Elections have consequences, and Tuesday’s vote was for change in Illinois.
When new officeholders are sworn in come January, Democrats will be in the driver’s seat. They will have supermajority control of the state House and Senate, and will control all statewide elected offices beginning in 2019, led by Gov.-elect J.B. Pritzker.
Democrats will control the levers of power, but that does not give them ownership of Illinois government. The government still serves all the people, and the tax and regulatory burdens that government now imposes are driving some people and businesses out of state.
It will take Democrats and Republicans working together to solve this problem in the years ahead.
Republicans faced tough realities in this midterm election. President Donald Trump is unpopular here. At the top of the state ticket, Gov. Bruce Rauner trailed in the polls for months, and eventually lost by about 15 points and becoming the first governor in more than 40 years to be unseated after a single term.
Although voters had myriad reasons for voting as they did, there are several things for which they did not vote.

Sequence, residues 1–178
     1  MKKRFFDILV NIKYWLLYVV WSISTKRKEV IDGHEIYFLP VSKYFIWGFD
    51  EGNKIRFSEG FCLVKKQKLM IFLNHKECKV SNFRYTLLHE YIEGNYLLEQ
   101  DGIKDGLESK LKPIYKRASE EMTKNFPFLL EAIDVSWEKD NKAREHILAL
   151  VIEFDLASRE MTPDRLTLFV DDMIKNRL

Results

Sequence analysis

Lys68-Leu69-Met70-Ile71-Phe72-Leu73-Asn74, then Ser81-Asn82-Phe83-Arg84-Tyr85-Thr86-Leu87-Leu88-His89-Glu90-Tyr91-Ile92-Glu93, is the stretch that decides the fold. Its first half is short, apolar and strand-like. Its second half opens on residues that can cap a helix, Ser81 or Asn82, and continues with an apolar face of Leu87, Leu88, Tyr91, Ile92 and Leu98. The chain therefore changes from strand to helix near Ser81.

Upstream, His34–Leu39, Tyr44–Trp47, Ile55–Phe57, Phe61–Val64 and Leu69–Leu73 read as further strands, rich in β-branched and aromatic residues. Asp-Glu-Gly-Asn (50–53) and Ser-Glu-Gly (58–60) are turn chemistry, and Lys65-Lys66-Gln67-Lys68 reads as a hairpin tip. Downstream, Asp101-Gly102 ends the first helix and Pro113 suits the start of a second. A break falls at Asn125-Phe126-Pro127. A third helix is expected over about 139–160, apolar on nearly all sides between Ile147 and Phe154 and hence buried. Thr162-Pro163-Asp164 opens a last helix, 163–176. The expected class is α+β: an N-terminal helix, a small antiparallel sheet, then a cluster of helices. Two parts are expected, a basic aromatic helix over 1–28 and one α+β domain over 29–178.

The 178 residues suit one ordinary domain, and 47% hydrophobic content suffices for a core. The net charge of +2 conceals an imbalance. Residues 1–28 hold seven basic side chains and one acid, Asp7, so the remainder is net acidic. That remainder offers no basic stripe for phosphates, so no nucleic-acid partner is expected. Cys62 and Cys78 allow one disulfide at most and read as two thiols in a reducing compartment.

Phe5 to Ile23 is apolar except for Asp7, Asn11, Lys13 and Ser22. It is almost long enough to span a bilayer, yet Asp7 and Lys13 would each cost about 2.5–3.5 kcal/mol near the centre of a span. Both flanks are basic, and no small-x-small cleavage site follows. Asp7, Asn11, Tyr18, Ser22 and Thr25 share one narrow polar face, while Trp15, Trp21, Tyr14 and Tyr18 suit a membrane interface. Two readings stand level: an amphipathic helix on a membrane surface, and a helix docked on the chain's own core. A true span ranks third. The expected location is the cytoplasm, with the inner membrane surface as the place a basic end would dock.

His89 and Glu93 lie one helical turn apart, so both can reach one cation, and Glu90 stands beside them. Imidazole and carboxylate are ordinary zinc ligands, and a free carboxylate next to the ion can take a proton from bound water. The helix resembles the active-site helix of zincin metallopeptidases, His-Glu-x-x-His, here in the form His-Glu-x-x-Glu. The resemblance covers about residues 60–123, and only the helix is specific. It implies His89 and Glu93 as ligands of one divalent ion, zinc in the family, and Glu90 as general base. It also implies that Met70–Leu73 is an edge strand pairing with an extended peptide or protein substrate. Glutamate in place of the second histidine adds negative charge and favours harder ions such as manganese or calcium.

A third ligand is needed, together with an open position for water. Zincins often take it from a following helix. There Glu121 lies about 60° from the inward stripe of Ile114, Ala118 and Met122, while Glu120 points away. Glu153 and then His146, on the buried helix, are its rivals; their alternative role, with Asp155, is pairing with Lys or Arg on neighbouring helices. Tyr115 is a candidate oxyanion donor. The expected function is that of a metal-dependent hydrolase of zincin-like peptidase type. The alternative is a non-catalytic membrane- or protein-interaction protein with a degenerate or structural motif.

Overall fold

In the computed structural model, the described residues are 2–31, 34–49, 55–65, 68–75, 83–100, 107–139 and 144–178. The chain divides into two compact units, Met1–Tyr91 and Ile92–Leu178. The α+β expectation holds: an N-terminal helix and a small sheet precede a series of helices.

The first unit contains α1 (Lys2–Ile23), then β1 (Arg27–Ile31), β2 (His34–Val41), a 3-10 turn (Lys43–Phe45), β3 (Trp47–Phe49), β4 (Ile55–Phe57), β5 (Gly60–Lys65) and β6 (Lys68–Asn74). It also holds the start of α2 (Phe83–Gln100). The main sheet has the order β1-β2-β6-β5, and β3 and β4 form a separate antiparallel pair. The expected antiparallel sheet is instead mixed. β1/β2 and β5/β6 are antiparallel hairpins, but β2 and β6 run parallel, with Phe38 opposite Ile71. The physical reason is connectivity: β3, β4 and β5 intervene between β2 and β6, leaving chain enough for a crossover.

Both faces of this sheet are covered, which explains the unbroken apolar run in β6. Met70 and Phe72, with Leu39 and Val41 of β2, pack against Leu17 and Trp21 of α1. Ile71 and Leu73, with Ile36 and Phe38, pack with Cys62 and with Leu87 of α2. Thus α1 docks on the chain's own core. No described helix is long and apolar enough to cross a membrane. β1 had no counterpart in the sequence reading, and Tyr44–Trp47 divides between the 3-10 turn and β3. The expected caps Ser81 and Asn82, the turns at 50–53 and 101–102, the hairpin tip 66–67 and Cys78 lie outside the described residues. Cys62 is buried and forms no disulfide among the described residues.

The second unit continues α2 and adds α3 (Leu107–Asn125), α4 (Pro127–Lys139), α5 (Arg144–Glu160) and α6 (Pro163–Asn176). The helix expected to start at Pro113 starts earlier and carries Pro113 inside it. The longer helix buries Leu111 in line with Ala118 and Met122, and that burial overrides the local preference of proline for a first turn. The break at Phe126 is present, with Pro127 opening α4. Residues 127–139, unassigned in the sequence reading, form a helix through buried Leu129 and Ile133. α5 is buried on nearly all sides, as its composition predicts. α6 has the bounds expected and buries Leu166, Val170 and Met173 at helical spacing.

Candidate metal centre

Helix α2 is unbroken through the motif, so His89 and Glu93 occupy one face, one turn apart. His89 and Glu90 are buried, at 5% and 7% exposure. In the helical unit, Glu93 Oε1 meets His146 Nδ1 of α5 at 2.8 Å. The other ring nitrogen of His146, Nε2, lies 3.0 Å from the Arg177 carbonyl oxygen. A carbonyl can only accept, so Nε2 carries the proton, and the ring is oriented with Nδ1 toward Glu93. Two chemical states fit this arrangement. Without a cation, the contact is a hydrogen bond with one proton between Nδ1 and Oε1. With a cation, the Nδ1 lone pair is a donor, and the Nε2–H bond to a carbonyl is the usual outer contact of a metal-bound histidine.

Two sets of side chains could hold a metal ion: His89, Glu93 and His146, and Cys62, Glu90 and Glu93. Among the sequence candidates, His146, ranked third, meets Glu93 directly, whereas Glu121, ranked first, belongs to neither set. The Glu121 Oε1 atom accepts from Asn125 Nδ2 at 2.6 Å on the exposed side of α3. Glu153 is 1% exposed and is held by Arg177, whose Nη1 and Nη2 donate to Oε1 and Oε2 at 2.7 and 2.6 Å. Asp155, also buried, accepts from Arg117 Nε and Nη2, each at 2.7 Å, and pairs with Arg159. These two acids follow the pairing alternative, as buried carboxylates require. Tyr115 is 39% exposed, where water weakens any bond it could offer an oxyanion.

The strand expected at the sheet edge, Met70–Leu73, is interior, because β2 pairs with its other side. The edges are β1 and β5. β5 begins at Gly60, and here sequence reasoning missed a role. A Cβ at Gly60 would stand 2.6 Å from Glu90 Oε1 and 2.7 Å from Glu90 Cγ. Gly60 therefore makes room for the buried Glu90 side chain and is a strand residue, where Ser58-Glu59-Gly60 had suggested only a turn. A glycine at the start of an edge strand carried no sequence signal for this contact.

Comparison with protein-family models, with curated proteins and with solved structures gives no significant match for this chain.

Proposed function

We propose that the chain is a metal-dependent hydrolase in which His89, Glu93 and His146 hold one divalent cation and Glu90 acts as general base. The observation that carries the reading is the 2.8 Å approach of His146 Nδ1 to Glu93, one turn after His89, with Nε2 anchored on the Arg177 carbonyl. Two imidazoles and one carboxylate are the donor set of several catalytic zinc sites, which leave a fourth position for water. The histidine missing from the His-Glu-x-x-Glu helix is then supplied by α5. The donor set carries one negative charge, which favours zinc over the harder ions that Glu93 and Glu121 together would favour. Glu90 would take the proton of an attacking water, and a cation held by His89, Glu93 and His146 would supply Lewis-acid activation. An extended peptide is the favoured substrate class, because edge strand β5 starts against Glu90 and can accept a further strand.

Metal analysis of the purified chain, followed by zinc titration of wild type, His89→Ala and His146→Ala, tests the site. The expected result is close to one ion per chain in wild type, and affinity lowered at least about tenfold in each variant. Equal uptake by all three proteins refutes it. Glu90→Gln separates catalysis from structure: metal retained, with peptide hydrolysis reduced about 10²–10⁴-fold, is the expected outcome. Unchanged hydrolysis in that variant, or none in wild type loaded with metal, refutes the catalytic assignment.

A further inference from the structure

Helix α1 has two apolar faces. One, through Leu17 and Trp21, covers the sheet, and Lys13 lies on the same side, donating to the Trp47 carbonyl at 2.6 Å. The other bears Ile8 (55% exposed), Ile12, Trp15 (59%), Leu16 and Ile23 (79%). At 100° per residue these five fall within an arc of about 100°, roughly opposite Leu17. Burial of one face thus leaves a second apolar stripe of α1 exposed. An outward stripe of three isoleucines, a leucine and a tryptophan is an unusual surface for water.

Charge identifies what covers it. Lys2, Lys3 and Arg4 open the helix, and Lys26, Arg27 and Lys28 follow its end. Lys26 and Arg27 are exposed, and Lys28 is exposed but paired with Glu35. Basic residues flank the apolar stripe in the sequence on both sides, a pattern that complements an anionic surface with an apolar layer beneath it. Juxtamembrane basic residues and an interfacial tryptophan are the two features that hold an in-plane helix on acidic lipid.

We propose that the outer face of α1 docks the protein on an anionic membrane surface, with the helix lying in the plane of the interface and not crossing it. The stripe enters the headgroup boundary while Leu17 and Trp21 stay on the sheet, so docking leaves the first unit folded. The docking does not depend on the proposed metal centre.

Few people went to the polls Tuesday to vote for higher taxes for themselves. When Pritzker talks about raising income taxes on “the wealthy,” most of us assume he is talking about people such as himself – now the wealthiest political officeholder in America with a fortune of more than $3 billion who spent a staggering $171 million on his campaign.
Pritzker was content to foster that assumption. He scrupulously avoided providing any information about who would pay more in taxes under a graduated tax plan, which will require amending the state constitution. We’re still waiting to see how many of us eventually will learn we are wealthy.
Any move to increase income taxes without shifting the school funding burden away from the property tax will make this Democratic dominance in Springfield short-lived. It’s the property tax burden that’s driving people out of Illinois; it must be reduced.
Few of us voted for state government to ignore the pension liability that continues to consume more of the state’s budget.
Few of us voted to abandon the cause of reform. In addition to property tax relief, concepts such as term limits for legislators and legislative leaders, and fair drawing of legislative maps are widely popular among voters in this state. They should be given an up-or-down vote in Springfield or an advisory vote at the ballot box.
It is time to stop fighting these initiatives – let the people vote on them.
When 2019 begins, Pritzker and the party he leads indeed are in the driver’s seat in Springfield. It will be their prerogative to act on their agenda in the future. As Illinoisans, we will share in that future and so we hope for success for our state under his leadership.
But that future should be shaped by the good ideas of members of both parties. The election is over, and we all must work together to solve our state’s problems.